Remove the hoses, then the t-stat assembly. You'll likely need a u-joint wrench and a bunch of different extensions. A dog-legged wrench may also be handy.

                          Clean everything, ensuring all holes are free of buildup. I followed someone else's advice here and opened the factory bleed hole in the valve body up to .060 and notched the plastic relief valves a tiny bit for better bleeding of air.

                          Trace and cut holes in a piece of plywood for the two stats using the inner gasket as a guide. Assemble the new stats, gaskets and housings on the workbench, using a very light coating of gasket sealer on all mating surfaces - careful not to clog any bleed holes. Place the wood on top to make a "sandwich", letting the tops of the stats poke through the holes. Now clamp the assembly very tightly to compress it all in there, and let it sit overnight.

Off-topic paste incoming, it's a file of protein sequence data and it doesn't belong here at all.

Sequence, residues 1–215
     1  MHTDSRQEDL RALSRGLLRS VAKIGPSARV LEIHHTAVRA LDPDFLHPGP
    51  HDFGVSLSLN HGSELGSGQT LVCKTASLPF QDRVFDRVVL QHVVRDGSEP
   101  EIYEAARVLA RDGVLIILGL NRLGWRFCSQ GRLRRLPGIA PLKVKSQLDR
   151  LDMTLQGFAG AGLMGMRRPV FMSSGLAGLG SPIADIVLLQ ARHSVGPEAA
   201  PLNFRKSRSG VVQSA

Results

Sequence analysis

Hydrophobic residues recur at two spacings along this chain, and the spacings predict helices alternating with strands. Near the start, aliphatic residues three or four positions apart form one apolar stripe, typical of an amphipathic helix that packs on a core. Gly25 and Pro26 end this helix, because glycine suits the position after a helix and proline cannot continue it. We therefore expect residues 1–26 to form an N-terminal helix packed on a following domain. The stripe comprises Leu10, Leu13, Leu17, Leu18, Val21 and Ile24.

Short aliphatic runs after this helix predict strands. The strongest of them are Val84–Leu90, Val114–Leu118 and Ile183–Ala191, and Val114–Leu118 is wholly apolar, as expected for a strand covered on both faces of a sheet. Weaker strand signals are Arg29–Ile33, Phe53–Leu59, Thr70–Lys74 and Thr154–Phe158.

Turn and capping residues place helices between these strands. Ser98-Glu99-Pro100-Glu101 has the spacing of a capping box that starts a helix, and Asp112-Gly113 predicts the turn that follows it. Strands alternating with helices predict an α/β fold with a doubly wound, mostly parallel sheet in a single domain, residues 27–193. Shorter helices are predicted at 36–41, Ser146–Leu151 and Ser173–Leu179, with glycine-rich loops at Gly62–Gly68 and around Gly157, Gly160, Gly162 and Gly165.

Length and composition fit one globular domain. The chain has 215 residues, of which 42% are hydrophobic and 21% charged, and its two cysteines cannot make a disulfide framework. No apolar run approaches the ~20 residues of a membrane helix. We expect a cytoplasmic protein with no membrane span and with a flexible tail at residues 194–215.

When dry, unclamp it and remove wood, hopefully it stays together. Use wire ties to hold the plastic relief valves to the sandwich. Put the springs in the motor. Put bolts into the sandwich, and position it on the springs.

                          To compress the springs, I used a really long piece of wood and wedged it between the housing and pan... had to futz with it for each bolt but it worked well. Some folks use a stud (with no head) in the center bolt to line it up, then remove it with pliers once the other two are in. Another set of hands helps a lot.

                          Once you have the two outer bolts barely started, you should be able to clip the wire ties and slide them out. Torque to spec etc.